Published: Thu, May 25, 2017
Markets | By Lucia Cruz

Hack, fake story expose real tensions between Qatar, Gulf

Hack, fake story expose real tensions between Qatar, Gulf

The website of the Qatari-owned worldwide news broadcaster could not be accessed in either country on Wednesday.

Qatar continued justifying that what happened is an unfair crackdown that came in conjunction with USA president Trump's visit to the region and aims to connect the country to terrorism, distorting its efforts in achieving stability.

KSA and UAE media outlets also considered that Doha devoted all its capabilities to be the voice of the militant groups, describing the Qatari step as a disaster.

Al-Thani met with Trump last week when the USA leader was in Riyadh on the first leg of his first foreign trip.

Reuters news agency quoted a Qatari government spokesman as saying that while Sheikh Tamim had attended a graduation ceremony for Qataris doing national service, he "however did not make any speech or give any statements".

Gamal Sultan commented to Daily News Egypt on the necessity of an Egyptian response, saying that Egypt does not need to respond, as if the statements were true and not fabricated, so this is a confirmation of Egypt's accusation against Qatar.

The fake report published late on Tuesday quoted Emir Tamim bin Hamad al-Thani commenting on a number of sensitive regional issues, including relations with other Middle Eastern countries and new US President Donald Trump.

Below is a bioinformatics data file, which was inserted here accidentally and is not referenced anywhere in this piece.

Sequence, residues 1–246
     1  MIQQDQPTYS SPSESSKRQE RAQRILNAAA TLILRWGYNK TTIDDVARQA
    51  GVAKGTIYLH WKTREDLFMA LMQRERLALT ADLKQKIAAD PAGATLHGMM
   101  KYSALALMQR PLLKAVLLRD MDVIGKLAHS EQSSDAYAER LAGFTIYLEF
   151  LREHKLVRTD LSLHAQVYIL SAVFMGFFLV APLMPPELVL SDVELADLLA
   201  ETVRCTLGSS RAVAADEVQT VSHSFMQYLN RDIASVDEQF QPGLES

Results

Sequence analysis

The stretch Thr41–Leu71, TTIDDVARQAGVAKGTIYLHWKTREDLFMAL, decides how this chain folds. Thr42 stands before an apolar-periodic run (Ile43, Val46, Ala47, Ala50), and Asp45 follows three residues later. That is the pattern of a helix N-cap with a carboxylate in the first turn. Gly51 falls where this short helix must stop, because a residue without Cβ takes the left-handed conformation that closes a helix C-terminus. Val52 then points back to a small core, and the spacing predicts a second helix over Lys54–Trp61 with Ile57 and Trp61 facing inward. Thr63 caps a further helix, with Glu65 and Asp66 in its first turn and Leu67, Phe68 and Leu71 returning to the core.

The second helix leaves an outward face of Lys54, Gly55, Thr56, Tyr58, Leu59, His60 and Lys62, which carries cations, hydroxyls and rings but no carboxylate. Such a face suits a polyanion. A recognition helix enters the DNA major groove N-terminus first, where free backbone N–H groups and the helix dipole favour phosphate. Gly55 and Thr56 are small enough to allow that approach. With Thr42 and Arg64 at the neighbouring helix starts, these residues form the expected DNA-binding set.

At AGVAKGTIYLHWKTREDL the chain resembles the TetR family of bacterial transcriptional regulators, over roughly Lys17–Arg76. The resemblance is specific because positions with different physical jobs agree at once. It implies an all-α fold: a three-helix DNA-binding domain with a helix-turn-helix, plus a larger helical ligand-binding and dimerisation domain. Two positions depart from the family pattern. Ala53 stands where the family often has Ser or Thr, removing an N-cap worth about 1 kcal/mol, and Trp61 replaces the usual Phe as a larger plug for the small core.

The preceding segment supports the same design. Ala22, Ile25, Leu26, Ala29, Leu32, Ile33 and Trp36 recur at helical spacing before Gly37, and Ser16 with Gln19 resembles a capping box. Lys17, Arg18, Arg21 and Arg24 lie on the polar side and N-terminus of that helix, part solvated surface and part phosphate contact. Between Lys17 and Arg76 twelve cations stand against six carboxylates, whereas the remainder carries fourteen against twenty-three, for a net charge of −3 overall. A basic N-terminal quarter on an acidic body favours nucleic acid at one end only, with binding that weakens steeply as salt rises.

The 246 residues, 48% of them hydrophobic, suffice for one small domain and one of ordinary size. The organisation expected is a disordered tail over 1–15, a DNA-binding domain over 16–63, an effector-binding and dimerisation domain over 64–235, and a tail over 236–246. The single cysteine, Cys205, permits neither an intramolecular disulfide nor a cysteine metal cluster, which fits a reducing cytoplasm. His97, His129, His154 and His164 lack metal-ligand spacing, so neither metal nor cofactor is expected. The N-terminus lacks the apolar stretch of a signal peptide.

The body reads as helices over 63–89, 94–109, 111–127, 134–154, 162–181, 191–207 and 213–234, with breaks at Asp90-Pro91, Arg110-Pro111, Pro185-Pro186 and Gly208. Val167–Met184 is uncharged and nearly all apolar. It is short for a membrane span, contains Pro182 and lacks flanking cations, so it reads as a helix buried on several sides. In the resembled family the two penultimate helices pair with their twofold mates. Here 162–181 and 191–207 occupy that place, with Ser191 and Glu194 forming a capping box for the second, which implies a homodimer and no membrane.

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The fake article quoted Sheikh Tamim as calling Iran an "Islamic power" and saying Qatar's relations with Israel were "good" during a military ceremony.

This week the USA president demanded that Gulf states do more to combat the export of extremist teaching into Europe and a former U.S. defence secretary, Robert Gates, said he did not know of any instance in which Qatar aggressively "went after the terrorist financing of Hamas, Taliban and al-Qaida".

A statement from Sheikh Saif Bin Ahmed Al Thani, the director of the Qatar's government communications office, said an investigation was ongoing.

"The statement published has no basis whatsoever, and that the competent authorities in the State of Qatar will hold all those committed accountable", the statement added. In 2012, a damaging virus crippled computer systems at Qatari natural gas producer RasGas soon after a similar attack on Saudi Arabia's state-run oil company.

Saudi Arabia's Okaz newspaper accused Qatar of "breaking ranks" and choosing to "side with the enemies of the nation", while the website of the Doha-based Al Jazeera network was blocked in the United Arab Emirates.

Despite this endorsement of Hamas, the Emir seems to have still refuted allegations of his country supporting terror, yet Doha is infamous for supporting both Lebanon's Hezbollah and Egypt's Muslim Brotherhood which is designated a terrorist group by fellow GCC countries.

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